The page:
Now that tent stitch has been demystified, let’s move on to the stitches that we’ll be working with in class today.

Stitch #2: Running Stitch (examples: wool work bag, leaf bag)

Running stitch is a decorative stitch and also a construction stitch.

The image shows now it is used as a decorative stitch on a Viking apron.

The leaf on the left shows the running stitch used on a work bag. The inspiration for this piece is an English work bag currently on display in the DeWitt Wallace Museum in Williamsburg.

You can also see running stitches on the black flower shown on the next page.

Stitch #3: Split Stitch (examples: redwork bag, baronial populace badge)

I like split stitch. It is as described: a stitch that is split. It is the stitch over which I have the most control. I also have the most fun with it. It can be used as an outline stitch as shown with the bee and the rose, and also as a fill stitch as shown in the populace badge for the Barony of Highland Foorde.

The split stitch looks a lot like the chain stitch, but it is easier to produce. The important thing to remember about the split stitch is to come up from below and pierce the stitch above.

Stitch #4: Stem Stitch (example: work bag in progress, deer)

Stem stitch is a work horse stitch. It is described as an outline stitch. Many items are made with a stem stitch including entire curtains.

Stitch #5: Buttonhole Stitch (examples: Work bag, redwork bag)

Buttonhole stitch (also known as a blanket stitch) is used as a decorative stitch as well as a stitch to make buttonholes for drawstrings on your bag.

Class Project: Dragonfly Bag
The class project below is a dragonfly based on an embroidery found in the Burrell Collection in Scotland.

Each stitch is shown in a different color so you know what stitches to use. You have been given more thread than you will need to complete the project. Each embroidery thread is 3 strands of DMC, 20″ long. I would recommend this short length so that your threads do not become tangled.

green = buttonhole stitch
blue = split stitch
purple = stem stitches
red = running stitches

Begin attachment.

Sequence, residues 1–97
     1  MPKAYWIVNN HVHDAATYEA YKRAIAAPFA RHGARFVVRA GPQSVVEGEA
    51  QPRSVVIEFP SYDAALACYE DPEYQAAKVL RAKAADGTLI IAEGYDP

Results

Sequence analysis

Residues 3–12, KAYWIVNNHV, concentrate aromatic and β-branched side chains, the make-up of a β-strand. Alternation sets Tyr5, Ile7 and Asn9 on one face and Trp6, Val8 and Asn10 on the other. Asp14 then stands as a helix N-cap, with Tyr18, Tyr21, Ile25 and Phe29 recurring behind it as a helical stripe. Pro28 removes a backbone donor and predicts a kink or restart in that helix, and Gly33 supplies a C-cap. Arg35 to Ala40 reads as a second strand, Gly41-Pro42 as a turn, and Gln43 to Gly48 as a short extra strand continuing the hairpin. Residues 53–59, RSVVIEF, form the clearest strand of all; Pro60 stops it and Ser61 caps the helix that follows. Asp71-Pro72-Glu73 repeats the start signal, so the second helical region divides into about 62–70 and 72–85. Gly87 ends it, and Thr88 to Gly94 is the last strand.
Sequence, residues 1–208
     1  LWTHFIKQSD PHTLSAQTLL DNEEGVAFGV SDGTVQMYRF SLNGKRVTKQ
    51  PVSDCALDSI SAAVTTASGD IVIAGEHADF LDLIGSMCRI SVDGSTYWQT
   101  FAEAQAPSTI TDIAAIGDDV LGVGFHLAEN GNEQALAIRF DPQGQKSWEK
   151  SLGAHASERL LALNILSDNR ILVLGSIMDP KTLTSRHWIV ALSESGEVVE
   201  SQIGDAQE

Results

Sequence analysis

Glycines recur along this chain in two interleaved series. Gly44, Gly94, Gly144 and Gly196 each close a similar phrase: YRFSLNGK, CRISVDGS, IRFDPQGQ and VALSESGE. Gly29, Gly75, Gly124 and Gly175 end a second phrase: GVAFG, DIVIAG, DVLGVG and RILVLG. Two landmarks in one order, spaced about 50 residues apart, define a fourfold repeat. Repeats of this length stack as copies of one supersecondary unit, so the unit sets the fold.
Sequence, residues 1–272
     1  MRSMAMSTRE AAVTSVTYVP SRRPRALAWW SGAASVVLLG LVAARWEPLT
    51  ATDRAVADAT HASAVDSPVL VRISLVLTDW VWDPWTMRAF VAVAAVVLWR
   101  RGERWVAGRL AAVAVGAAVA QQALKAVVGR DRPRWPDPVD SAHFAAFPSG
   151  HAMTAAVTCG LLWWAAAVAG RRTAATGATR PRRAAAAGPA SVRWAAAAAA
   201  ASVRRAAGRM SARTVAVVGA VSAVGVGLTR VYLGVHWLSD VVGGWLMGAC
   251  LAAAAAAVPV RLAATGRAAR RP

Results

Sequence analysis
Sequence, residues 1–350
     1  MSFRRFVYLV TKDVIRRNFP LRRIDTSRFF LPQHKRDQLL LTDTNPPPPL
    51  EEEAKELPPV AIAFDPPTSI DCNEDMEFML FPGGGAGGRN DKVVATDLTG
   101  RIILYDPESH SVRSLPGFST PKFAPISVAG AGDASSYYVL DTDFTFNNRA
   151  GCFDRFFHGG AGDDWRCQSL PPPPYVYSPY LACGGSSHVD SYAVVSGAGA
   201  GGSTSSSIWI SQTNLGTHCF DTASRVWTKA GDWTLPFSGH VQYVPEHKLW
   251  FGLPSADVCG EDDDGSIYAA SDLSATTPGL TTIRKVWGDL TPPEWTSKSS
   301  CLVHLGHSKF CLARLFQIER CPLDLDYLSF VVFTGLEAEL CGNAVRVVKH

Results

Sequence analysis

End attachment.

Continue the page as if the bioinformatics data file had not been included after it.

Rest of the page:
brown = two tacking stitches for the eye

For your class project, you have been provided two pieces of linen to sew into a small bag.

1. Embroider the dragonfly.

2. Sew the bag together on three sides.

3. Turn the top edge down and sew in place.

4. Create an even number of buttonholes around the top of the bag (6 on the front, 6 on the back).

5. Thread the drawstring through the bag.

Remember to make your buttonholes big enough for the drawstring! Have fun!

Bibliography

  1. Gerald of Ipsley and Robert of Oldcastle. Celtic Embroidery. http://www.malverack.com, email robert@malverack.com. Self-published, no ISBN. No publication date. Purchased circa 2004.
  2. Gerald of Ipsley and Robert of Oldcastle. Celtic Design, Pattern and Color. http://www.malverack.com, email robert@malverack.com. Self-published, no ISBN. No publication date. Purchased circa 2004.
  3. Mayer, Krystyna. Editor. Mary Thomas’s Dictionary of Embroidery Stitches. Trafalgar Square Publishing, 2005.
  4. Thursfield, Sarah. Medieval Tailor’s Assistant: Making Common Garments 1200-1500. Costume & Fashion Press, October 2001.

Leave a Reply

Fill in your details below or click an icon to log in:

WordPress.com Logo

You are commenting using your WordPress.com account. Log Out / Change )

Twitter picture

You are commenting using your Twitter account. Log Out / Change )

Facebook photo

You are commenting using your Facebook account. Log Out / Change )

Google+ photo

You are commenting using your Google+ account. Log Out / Change )

Connecting to %s